A Look At PowerPoint
PowerPoint over the years has developed into a premier presentation program. From being one of the 'other' programs thrown in to form the Microsoft Office suite until today, it's been a long and interesting journey for both PowerPoint and its users.
Every new version has seen the addition of newer features. Most of these features have been welcome, although users have always asked for even more features!
PowerPoint's competitors have been very able as well and many have a feature set surpassing that of Microsoft's offering. Nevertheless, PowerPoint aided by its simple interface and integration with other programs has rolled on the presentation juggernaut ahead of others.
PowerPoint certainly is today's de facto presentation standard commanding around 95% of the market share, but many of us may not be aware that it was the first presentation program ever created.
The Need for Memorabilia
It was some of these factors which led us to seriously consider a PowerPoint Memorabilia page. This page is forever evolving, and we would love to incorporate user experiences with earlier PowerPoint versions on this page. So, if you are ready to share your nostalgia, this is the place! You can get in touch with us through our feedback page.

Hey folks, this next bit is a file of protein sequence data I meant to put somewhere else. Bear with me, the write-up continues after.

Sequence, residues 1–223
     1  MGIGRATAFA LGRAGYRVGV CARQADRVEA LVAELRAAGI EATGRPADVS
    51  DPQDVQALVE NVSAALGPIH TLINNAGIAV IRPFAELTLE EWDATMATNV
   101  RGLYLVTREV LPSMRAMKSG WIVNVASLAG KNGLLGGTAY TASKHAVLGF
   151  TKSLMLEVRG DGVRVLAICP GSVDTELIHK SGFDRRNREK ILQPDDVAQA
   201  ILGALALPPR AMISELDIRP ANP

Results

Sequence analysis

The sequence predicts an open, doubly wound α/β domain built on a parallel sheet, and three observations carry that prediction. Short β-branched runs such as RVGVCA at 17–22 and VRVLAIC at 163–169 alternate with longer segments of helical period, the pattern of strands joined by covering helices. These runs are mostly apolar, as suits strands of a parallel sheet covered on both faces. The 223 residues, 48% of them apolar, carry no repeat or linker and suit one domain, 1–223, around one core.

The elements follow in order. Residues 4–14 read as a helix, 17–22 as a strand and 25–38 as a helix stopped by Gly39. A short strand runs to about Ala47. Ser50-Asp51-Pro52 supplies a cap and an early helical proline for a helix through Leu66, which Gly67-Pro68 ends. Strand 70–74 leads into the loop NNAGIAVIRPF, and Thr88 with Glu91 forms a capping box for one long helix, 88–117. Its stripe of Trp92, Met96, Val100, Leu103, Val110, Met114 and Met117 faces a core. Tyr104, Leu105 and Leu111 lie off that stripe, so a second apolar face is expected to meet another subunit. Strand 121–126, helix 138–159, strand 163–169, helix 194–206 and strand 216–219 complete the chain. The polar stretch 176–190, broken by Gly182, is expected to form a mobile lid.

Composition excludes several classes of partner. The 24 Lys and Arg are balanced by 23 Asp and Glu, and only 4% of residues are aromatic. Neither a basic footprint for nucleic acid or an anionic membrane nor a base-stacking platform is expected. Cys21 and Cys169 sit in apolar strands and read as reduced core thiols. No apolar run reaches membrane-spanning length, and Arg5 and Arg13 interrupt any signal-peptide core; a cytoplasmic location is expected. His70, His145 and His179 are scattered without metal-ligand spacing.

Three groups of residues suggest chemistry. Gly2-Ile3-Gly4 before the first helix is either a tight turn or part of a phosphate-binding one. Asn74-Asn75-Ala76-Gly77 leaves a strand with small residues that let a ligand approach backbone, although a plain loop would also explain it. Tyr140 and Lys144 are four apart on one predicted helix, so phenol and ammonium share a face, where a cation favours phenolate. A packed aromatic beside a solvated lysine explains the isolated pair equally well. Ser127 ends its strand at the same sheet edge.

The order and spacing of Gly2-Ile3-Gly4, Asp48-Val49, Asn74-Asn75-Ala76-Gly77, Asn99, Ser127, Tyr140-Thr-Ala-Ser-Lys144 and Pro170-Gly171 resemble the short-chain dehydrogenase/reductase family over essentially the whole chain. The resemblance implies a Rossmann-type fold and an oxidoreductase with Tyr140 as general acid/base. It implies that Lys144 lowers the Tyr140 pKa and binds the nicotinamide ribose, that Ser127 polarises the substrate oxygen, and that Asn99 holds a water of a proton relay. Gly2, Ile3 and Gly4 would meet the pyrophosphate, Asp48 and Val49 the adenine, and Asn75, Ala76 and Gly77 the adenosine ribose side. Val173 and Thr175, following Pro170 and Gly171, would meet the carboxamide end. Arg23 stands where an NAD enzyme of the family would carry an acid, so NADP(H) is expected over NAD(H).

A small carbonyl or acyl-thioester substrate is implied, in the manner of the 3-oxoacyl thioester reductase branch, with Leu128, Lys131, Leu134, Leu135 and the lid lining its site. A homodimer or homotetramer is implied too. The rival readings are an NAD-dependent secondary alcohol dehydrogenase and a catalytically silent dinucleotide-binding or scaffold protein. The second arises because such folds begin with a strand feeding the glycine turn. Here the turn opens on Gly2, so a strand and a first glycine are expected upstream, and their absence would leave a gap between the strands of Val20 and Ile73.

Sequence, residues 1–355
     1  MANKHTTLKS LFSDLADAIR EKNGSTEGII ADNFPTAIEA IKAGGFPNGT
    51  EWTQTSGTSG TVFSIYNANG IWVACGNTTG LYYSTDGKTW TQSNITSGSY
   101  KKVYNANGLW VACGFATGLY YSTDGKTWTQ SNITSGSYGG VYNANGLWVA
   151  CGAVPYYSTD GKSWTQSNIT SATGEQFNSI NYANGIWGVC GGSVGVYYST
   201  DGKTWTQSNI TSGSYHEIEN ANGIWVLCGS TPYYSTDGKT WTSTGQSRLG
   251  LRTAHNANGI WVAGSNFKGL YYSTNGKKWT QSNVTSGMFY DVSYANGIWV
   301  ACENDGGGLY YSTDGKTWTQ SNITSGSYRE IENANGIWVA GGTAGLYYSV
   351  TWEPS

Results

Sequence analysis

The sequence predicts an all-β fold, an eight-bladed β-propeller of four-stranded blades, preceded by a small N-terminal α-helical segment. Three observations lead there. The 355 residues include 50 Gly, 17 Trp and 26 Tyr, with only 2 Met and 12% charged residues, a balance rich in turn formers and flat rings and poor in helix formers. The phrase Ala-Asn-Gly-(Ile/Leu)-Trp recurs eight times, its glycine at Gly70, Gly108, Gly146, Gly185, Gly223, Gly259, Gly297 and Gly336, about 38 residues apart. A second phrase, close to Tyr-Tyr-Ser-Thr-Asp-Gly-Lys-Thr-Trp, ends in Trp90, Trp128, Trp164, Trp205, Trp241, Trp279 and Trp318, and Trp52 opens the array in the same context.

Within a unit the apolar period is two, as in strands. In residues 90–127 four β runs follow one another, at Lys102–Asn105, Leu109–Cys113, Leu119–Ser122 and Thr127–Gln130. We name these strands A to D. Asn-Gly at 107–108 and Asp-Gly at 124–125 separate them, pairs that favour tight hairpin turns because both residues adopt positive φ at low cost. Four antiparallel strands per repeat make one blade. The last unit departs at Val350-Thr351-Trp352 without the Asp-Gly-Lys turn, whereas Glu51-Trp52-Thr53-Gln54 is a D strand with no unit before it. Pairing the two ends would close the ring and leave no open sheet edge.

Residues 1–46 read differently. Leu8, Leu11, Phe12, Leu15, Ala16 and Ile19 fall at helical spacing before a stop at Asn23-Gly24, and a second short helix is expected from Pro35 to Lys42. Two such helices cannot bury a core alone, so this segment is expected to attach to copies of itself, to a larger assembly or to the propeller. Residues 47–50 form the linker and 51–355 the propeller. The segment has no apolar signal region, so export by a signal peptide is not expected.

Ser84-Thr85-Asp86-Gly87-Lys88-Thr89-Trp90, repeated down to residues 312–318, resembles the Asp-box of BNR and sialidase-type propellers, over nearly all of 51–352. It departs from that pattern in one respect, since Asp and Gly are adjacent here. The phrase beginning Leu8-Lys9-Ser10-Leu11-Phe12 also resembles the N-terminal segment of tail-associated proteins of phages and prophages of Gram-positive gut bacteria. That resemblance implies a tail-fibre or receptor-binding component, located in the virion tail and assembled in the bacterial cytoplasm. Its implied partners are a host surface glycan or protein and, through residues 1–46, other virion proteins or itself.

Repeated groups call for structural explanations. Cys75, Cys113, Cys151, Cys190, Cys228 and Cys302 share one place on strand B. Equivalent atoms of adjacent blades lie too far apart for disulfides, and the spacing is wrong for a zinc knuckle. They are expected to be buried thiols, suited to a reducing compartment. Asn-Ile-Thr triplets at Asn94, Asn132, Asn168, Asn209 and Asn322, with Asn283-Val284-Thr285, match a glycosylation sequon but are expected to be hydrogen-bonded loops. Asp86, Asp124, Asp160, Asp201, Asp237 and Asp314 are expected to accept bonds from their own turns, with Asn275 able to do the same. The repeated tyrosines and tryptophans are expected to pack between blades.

Jim Endicott authored Growing Up With PowerPoint (PDF 154 kb), an article that discusses the growth of the program from version 1 until PowerPoint 2000. He has graciously allowed us to host the article on this site. The article originally appeared in the February 2000 issue of Presentations magazine. Jim's own site at Distinction Services has a great section on PowerPoint tips.
Steve Rindsberg, one of the PowerPoint veterans and earliest of the MVPs has shared a few experiences, reproduced below with his permission:
...I went looking for my original PowerPoint book ... the first copy of PowerPoint I got came with a beautifully printed, the only hardbound software manual I've ever seen. Unfortunately, I must have thrown it away in a spring cleaning fit, because I can't find it any longer...
...I never really had much use for the earlier versions of PowerPoint - Persuasion on both Mac and PC, and Freelance on the PC only were both far superior programs at the time. I only had PowerPoint because we occasionally needed to image slides for customers who used it.
At the time, I was writing a monthly column for The Cobb Group's Inside Freelance magazine (this was Freelance DOS, by the way). When they discontinued the magazine and chose not to do an FL/Windows one, the editor asked if I wanted to write a column about PowerPoint instead. Sure, why not? That was *just* before PowerPoint 4 came out and became part of Office. In other words, just before PowerPoint took over the world.
Steve Rindsberg creates the PPTools range of PowerPoint add-ins.